Considering Hegel's Account of War
In response to acts of war, most people at some point are stirred by certain moral feelings. For some, morality demands that a war be fought - morality justifies war. For others, morality condemns war, if not absolutely then in a particular case. There are, of course, many differing moral conceptions. However, one which is currently favoured by many liberal and left-liberal intellectuals is that of Kantian morality, or what can be called 'Kantian cosmopolitanism'. By way of examining some of the limitations of the approach of Kantian cosmopolitanism to the problem of war, this article draws upon an often overlooked and heavily misunderstood tradition, that of Hegelian philosophy. The article puts forward the case for the continued relevance of Hegel's account of war. Specifically, Hegel's account of war assists contemporary moral, legal and political thought to better understand the role and status of violence within our own ethical conceptions and ethical demands. If we are to properly come to terms with the challenges of war and terror in the present, then the insights into the relation between ethics, violence and negativity given by Hegel's account need to be adopted and integrated into our forms of thinking about the world.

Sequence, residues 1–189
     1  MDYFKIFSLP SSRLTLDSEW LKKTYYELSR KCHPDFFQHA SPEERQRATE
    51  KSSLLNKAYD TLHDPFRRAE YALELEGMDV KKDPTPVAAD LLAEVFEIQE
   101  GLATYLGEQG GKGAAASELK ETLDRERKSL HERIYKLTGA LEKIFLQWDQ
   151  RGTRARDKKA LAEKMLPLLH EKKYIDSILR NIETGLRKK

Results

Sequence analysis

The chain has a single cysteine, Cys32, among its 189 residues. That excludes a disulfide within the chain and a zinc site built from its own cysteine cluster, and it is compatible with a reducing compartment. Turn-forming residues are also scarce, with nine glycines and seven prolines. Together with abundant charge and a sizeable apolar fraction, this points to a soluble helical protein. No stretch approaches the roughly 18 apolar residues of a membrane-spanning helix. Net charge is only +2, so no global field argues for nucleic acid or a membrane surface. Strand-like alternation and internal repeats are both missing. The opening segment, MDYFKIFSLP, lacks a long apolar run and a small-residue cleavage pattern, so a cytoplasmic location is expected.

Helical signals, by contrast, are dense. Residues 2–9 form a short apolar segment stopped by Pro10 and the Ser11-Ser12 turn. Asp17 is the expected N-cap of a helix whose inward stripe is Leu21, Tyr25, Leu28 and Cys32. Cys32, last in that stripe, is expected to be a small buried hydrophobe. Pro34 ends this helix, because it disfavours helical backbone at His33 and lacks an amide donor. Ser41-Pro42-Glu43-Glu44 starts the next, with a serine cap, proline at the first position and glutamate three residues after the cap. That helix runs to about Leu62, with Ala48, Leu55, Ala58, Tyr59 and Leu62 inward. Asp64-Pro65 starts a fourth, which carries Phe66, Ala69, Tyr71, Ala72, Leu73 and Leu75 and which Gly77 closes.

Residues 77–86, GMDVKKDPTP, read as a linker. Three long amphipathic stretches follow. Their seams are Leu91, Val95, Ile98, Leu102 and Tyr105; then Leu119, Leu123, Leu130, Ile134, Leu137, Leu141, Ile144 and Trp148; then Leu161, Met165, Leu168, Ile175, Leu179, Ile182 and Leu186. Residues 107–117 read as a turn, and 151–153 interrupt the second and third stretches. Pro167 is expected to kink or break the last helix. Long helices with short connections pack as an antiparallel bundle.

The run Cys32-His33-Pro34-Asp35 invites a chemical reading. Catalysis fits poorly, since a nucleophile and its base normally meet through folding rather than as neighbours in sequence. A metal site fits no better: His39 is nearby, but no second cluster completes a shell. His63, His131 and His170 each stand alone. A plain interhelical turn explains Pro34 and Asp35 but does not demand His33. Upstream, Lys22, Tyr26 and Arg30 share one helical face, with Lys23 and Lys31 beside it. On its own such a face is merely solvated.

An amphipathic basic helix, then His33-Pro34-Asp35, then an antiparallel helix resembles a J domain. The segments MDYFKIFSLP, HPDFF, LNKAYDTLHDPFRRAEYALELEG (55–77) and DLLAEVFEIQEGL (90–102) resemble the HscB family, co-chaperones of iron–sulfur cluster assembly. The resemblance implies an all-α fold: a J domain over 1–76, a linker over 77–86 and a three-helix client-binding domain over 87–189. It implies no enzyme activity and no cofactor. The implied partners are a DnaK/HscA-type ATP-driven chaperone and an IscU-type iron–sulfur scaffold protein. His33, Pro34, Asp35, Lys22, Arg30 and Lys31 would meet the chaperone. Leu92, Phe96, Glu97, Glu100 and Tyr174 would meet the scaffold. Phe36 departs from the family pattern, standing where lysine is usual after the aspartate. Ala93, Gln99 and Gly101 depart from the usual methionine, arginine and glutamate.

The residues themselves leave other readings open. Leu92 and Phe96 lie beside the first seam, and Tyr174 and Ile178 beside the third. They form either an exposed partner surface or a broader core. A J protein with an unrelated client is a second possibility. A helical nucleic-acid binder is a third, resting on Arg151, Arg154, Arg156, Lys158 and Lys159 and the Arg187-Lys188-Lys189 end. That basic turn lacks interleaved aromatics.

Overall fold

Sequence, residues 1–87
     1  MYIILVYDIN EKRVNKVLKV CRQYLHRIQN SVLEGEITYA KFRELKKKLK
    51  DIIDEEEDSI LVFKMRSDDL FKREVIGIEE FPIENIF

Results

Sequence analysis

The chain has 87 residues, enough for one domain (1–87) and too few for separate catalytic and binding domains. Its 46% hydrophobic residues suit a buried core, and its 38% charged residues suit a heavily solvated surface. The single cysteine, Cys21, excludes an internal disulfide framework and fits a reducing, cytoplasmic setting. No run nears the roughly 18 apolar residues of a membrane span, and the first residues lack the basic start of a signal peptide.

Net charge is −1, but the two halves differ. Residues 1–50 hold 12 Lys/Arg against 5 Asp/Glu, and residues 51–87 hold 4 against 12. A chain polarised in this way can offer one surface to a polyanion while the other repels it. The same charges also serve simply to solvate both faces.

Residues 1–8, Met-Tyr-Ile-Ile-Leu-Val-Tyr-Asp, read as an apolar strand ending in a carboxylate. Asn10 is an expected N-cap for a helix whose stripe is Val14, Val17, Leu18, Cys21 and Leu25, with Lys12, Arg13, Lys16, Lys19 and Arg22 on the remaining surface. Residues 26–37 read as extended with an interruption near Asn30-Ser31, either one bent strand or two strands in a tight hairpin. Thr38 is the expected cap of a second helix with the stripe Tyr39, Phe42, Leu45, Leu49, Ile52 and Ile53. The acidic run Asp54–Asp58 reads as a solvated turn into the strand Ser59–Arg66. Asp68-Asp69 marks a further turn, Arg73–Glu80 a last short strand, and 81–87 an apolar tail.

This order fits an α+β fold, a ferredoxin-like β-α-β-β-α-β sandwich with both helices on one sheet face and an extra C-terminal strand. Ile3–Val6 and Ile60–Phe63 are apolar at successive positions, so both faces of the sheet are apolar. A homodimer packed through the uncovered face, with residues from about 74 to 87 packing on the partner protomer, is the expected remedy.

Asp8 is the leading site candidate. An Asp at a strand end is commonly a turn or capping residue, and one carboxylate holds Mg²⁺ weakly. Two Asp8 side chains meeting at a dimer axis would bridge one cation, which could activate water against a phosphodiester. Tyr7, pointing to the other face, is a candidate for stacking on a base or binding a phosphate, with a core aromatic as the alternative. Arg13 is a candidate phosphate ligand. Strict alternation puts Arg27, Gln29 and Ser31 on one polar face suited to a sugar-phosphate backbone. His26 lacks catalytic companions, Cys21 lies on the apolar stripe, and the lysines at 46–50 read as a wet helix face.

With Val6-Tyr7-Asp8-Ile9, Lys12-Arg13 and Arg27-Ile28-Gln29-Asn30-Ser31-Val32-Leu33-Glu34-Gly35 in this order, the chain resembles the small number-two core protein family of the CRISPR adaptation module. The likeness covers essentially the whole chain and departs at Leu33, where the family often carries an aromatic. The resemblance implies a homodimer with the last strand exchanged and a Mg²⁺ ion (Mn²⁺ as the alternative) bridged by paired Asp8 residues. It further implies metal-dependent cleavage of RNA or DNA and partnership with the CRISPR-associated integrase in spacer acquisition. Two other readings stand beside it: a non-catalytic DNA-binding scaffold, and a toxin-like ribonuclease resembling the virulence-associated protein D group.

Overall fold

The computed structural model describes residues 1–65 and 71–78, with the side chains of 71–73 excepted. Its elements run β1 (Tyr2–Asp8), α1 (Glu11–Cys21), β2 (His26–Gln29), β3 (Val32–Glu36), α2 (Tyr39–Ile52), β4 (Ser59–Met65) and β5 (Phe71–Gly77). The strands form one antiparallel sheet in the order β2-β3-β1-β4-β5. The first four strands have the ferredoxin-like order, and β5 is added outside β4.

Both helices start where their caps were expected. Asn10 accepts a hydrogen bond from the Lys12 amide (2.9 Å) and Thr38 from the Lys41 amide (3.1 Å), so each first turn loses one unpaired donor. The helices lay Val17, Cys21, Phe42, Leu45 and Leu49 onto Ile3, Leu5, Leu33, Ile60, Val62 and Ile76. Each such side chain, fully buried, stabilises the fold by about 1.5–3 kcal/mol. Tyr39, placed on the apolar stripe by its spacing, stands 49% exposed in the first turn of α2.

Griffith Law Review